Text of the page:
Help for Declining Natural Gas Production Seen in the Unconventional Sources of Natural Gas
EMD-80-8: Published: Jan 10, 1980. Publicly Released: Jan 10, 1980.
- Full Report:
Natural gas provides about 25 percent of the Nation's energy. However, since gas supplies from conventional sources are expected to decline, unconventional gas sources have been receiving additional attention. Gas from the eastern Devonian shales and western sands are the chief potential contributors to unconventional gas production in the near term. The prospects of coal bed methane production will improve if further demonstrations verify that recovery is technically feasible and economically competitive. The prospects for geopressured methane production remain speculative at the present time.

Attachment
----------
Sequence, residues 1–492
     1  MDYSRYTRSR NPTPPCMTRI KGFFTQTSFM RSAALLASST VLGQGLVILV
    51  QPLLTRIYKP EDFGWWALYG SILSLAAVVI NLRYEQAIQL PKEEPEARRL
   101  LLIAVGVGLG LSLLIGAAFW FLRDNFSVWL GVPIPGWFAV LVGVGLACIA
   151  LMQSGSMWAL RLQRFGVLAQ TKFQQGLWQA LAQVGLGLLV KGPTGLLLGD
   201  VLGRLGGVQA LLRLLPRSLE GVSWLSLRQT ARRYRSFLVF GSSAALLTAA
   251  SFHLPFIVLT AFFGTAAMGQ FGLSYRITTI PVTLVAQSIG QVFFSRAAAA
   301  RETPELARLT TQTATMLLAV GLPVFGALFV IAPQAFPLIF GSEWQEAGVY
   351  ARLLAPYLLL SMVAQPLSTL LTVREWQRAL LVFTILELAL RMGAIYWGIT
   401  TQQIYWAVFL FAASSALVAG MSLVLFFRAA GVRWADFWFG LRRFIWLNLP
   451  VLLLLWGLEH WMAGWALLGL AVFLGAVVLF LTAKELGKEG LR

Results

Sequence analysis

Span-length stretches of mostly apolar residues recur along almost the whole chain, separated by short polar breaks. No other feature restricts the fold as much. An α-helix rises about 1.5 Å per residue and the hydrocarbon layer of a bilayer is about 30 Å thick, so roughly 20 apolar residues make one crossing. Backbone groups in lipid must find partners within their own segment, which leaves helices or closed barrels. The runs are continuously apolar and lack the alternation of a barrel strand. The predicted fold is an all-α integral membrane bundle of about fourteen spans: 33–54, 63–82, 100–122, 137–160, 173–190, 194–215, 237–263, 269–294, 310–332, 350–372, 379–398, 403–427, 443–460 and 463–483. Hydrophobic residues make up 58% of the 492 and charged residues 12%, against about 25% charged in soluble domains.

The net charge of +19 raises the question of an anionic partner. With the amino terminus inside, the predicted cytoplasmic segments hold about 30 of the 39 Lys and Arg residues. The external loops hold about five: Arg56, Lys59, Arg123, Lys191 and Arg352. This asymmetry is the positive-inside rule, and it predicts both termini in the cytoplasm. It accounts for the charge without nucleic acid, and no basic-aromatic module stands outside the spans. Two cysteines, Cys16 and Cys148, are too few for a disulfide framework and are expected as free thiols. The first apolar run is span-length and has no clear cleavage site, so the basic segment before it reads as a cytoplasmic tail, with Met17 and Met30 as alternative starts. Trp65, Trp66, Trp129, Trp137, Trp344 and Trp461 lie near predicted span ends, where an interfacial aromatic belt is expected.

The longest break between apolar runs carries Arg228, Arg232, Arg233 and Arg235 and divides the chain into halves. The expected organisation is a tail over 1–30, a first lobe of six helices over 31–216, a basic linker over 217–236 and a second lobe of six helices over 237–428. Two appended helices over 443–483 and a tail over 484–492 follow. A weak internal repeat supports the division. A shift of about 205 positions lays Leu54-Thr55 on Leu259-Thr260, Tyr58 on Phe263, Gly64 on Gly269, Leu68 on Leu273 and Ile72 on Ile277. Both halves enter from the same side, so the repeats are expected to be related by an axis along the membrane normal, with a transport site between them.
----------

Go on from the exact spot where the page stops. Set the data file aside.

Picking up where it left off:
The principal deterrents to widespread investment in shale gas wells in the past have been low production rates and low gas prices. If the Department of Energy's (DOE) research and development program, and the industry, continue to demonstrate techniques which improve gas recovery rates within the range of competitive prices, investments in shale gas wells will be more favorable. In addition, decontrol of shale gas prices appears to make shale gas prospects commercially attractive. The problem of high resistance to gas flow in the tight sand deposits must be overcome by improvements in well fracturing technology. The Federal Energy Regulatory Commission has begun proceedings which could result in higher prices for tight sand gas production, and providing additional incentives for production should accelerate industry activity in the sand gas basins. As the pace of coal mining increases, so will the venting of methane trapped in coal beds. Analysis indicates that methane production from both mineable and unmineable coal beds is ecomomically attractive, but demonstrations of recovery methods are necessary for encouraging commercial development. Coal fracturing methods have been proposed for increasing gas flows, but there is the fear of mine roof instability. Since other methods are available for methane drainage from minable coal, it appears that development of this resource could proceed without the use of fracturing methods. Such substantial research and development is required for geopressured methane that the commercial potential of the resource is not presently known.